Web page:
Thursday, October 13, 2005

Langtang's Leeches

In the movies, intrepid heroes only pick up leeches if they've been wading through murky swamps (and normally, leeches are the least of their worries).

In real life, though, leeches come to meet you on the trail. Every overhanging vine, every shrub lining the path - they're all potential launching pads for these little invaders.

We inadvertently accumulated several leeches just walking on the trail (one girl picked them up during a bathroom stop - don't ask). If it's just been raining, you can expect a lot of them to be crouched in the vegetation waiting for unwary trekkers to walk by.

Over two separate days, I removed one from under my shirt (just above the waistband of my pants), one from my wrist (under my watch strap, which was under my jacket), one from my pant leg (where it was trying to make it through the fabric of my pants), and a tiny one from between my fingers. If I had to put salt in all those places I'd be a walking salt pillar.

On the first day, John was wearing black trek pants and looking cool and comfortable. By the second day he'd switched to khakis for easier leech detection!

Apart from a hyperactive imagination (where I feared every little twitch signaled a leech under my clothes or in my boots), it turned out to be not as bad as I feared. Typically a quick squirt of rubbing alcohol made the leeches curl up so they could be easily flicked off - no blood pouring out of the bite, just a little red mark on my skin to show where the leech was attached. The sherpas guiding us had two-foot-long sticks with small pouches of salt attached to the ends. Instead of squirting alcohol, they just touched the salt pouch to the leeches and voila, the leech would fall off.

Of course that all depends on somebody sighting the leech in the first place. Paranoid lot that we were, we stopped pretty often to do a quick check and make sure our clothes and skin hadn't been breached by the little critters. They're neither painful nor particularly dangerous, and they fall off by themselves once they've had enough. But still - when you ask someone to check your back, the last thing you want to hear is, "Too late... there are two well-fed leeches back on the trail somewhere!"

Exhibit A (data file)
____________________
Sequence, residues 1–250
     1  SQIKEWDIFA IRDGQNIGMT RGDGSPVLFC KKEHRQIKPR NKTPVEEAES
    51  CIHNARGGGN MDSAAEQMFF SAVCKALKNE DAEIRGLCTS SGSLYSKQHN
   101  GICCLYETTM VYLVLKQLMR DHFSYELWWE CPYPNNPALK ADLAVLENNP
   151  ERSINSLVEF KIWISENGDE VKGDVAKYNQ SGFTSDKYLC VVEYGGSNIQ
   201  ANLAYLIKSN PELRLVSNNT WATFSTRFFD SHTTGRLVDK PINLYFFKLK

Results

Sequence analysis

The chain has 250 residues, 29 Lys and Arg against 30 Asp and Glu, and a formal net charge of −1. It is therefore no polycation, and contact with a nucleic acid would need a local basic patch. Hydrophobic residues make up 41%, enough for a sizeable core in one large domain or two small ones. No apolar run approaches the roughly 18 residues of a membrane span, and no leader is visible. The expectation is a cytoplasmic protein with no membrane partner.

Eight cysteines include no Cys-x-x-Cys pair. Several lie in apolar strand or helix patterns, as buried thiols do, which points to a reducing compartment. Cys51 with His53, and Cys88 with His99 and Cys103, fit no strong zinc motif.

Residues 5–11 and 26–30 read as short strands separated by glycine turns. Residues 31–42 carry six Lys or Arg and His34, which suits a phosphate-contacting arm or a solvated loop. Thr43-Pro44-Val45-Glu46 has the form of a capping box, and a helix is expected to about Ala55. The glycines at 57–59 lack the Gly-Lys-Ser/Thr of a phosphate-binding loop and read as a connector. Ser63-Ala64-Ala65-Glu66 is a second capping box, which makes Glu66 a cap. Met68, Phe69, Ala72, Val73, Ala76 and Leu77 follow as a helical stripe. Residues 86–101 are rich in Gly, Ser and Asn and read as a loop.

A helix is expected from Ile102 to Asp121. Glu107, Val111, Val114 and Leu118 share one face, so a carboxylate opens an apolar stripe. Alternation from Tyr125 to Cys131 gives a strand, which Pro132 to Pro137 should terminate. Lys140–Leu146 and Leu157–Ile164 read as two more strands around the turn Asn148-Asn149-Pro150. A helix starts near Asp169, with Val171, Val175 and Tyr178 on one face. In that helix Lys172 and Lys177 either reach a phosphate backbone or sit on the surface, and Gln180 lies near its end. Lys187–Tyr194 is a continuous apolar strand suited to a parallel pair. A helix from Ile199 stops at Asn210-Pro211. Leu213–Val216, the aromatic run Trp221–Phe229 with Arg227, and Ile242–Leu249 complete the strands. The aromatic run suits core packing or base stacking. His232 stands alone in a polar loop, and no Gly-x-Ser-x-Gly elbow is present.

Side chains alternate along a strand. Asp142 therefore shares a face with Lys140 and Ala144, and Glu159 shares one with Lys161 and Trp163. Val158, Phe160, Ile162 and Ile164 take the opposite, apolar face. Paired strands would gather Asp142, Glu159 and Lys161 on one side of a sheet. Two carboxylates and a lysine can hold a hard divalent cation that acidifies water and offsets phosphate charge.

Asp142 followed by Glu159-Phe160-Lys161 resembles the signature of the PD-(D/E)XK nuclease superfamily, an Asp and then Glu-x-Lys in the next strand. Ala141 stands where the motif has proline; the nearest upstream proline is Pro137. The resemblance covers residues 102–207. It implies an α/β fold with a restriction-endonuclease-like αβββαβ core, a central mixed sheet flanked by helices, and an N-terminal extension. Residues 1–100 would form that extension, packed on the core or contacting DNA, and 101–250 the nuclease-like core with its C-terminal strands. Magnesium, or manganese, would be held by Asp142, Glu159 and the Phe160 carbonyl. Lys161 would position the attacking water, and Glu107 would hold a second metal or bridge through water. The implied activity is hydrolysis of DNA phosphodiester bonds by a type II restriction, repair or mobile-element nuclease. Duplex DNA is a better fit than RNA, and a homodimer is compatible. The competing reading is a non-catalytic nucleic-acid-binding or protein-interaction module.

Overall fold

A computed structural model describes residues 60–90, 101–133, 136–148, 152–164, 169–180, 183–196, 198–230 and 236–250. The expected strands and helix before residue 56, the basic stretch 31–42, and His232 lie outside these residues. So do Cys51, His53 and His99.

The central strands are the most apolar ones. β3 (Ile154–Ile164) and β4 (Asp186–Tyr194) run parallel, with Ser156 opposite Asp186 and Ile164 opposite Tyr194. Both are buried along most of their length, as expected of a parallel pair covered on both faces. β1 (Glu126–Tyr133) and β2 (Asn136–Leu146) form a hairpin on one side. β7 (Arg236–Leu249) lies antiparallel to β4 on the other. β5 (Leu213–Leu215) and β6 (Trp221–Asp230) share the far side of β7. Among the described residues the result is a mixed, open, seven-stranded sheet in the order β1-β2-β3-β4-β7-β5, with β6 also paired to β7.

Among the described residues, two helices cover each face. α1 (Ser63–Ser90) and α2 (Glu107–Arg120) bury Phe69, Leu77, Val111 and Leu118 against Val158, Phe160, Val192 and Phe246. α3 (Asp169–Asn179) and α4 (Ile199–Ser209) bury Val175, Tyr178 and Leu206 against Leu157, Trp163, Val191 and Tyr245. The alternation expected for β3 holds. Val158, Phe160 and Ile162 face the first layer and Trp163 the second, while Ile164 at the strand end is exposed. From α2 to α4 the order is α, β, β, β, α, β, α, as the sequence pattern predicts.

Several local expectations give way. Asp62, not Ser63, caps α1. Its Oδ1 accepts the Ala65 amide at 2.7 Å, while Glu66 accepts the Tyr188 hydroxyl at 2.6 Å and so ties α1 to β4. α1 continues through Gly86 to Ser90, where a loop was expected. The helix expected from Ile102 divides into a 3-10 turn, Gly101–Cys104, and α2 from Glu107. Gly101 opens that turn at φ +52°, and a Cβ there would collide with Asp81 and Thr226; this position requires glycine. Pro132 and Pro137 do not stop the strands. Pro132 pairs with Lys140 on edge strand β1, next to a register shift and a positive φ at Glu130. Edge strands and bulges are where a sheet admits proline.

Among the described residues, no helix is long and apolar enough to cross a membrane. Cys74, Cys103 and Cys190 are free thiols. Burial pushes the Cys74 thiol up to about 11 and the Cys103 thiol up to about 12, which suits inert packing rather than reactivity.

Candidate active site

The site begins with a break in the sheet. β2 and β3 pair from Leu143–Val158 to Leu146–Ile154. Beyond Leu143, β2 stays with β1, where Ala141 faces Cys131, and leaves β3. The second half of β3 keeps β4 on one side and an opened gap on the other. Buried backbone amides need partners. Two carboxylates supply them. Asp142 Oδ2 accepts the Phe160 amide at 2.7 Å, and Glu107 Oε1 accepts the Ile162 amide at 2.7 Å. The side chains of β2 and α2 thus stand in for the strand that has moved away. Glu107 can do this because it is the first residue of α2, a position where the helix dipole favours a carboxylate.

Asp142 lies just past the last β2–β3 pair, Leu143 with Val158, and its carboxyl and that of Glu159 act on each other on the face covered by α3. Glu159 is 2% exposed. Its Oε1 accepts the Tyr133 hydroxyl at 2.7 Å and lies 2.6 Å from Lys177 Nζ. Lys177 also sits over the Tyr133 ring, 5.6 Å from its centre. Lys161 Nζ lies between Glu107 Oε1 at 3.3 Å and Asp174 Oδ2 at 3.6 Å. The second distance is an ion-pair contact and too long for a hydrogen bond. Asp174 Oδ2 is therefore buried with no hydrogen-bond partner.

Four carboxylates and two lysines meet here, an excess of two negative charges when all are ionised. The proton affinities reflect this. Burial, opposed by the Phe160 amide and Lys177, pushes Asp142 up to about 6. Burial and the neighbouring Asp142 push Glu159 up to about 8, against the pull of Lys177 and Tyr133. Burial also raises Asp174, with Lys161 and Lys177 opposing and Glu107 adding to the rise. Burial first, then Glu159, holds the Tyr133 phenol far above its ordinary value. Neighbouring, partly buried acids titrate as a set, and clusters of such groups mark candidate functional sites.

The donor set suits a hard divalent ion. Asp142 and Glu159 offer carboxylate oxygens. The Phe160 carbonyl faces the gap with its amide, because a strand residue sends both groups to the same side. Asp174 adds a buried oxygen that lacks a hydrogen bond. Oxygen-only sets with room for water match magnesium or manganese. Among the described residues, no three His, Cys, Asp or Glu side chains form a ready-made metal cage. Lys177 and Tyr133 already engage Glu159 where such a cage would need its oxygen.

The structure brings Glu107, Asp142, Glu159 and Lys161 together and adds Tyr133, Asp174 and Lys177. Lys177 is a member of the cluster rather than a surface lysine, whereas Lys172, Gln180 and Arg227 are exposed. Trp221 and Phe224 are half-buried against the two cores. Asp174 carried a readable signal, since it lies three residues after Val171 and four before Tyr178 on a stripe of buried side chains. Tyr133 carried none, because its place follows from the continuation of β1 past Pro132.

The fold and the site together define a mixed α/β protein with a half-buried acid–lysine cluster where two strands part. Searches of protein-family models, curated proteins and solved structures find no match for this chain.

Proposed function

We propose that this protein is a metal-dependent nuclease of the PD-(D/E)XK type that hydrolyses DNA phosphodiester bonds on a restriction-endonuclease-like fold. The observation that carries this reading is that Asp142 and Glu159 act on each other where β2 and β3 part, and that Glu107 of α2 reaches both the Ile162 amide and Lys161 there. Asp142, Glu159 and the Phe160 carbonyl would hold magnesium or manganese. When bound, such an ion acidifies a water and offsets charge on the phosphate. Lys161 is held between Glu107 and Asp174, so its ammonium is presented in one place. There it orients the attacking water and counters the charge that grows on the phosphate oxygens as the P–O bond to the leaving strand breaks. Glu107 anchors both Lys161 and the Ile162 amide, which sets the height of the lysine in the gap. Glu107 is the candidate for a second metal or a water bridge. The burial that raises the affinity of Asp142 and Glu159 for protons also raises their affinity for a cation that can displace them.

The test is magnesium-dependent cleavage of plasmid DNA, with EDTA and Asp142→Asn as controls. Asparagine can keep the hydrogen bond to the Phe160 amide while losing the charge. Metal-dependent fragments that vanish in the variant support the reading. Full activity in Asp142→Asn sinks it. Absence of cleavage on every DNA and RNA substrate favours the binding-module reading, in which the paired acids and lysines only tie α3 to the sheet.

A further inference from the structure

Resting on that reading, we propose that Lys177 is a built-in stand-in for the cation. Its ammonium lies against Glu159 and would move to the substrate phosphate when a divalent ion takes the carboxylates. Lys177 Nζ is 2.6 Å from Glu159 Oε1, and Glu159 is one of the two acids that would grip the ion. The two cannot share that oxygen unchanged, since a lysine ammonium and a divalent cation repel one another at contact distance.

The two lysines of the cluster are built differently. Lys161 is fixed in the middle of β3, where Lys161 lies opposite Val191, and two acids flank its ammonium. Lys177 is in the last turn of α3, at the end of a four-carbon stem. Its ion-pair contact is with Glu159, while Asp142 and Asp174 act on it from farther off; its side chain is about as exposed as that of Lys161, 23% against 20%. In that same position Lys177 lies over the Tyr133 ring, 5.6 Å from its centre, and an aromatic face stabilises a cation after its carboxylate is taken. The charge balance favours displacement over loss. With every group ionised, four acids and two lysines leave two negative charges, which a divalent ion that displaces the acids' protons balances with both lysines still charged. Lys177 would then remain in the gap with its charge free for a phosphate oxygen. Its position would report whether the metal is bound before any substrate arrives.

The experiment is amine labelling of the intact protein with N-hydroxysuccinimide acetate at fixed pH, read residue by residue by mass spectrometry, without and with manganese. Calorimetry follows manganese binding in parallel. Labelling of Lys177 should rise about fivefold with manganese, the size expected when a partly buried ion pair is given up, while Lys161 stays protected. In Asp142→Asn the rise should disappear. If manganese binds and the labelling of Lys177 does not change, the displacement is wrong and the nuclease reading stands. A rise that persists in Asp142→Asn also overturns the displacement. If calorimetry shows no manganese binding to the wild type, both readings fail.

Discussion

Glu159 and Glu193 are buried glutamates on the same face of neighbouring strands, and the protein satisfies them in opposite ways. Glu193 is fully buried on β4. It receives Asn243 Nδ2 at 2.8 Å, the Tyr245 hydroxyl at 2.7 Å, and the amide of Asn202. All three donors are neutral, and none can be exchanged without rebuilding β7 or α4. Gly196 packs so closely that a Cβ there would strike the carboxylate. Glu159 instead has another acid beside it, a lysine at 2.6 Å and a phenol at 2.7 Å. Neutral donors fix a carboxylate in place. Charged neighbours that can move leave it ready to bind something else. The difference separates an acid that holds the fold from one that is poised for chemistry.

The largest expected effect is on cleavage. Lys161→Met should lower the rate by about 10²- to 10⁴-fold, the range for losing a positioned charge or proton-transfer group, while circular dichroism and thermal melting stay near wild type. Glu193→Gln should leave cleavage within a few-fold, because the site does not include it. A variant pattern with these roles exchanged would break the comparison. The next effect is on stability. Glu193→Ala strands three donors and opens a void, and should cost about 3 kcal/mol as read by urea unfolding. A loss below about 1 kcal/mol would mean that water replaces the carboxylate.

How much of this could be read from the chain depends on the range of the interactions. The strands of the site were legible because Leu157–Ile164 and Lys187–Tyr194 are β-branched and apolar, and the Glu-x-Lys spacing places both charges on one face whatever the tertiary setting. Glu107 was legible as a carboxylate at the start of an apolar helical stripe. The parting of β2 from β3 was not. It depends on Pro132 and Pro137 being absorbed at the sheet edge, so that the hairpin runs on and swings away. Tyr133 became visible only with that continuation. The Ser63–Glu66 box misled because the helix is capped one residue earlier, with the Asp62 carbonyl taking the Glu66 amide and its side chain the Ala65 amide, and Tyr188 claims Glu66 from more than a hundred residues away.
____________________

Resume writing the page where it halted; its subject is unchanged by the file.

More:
The scariest part was trying to fall asleep after having found two leeches in our teahouse bedroom. My more knowledgeable mountaineer friends told us that we brought those leeches in with us (riding on clothes, bags, or shoes), so perhaps a more thorough check would have allowed us to sleep peacefully. Every so often a yell would ring out from either our bedroom or the adjacent one, followed by a frantic search for rubbing alcohol and finally a spirited argument between the occupants about who was going to transport the leech outdoors.

Thankfully these leeches can't survive above a certain altitude. I was never so happy to have seen high altitude in my life!

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2 Comments:

At October 15, 2005 11:03 AM, Anonymous mom said...

Dear Ching,

When I was 20 and doing volunteer work in the mountains of Davao del Norte, I was told by a Peace Corps volunteer that you can get the tobacco from a cigarette(s) and rub that on your body to prevent leeches from getting attracted to you. They (leeches, not the PCVs) don't like the smell of tobacco. I never got to test this solution but it may be worth a try, should you go there again.

Love,
Mom

P.S. I saw the pictures that John posted and know there's more. Hope to see them (and both of you) soon.

 
At September 05, 2006 10:53 AM, Anonymous Anonymous said...

Ching,
Great story. You must have started pretty low to get leeches, and they're generally only out for the months of high summer. Just unlucky, I guess.

But lucky that the wounds wouldn't bleed much. My experiences with leeches here (Bhutan) have been terrible. They bleed for days and itch for weeks.

Personally, I'd rather someone tell me that the leeches are long gone than find one still on me.

MAG

 

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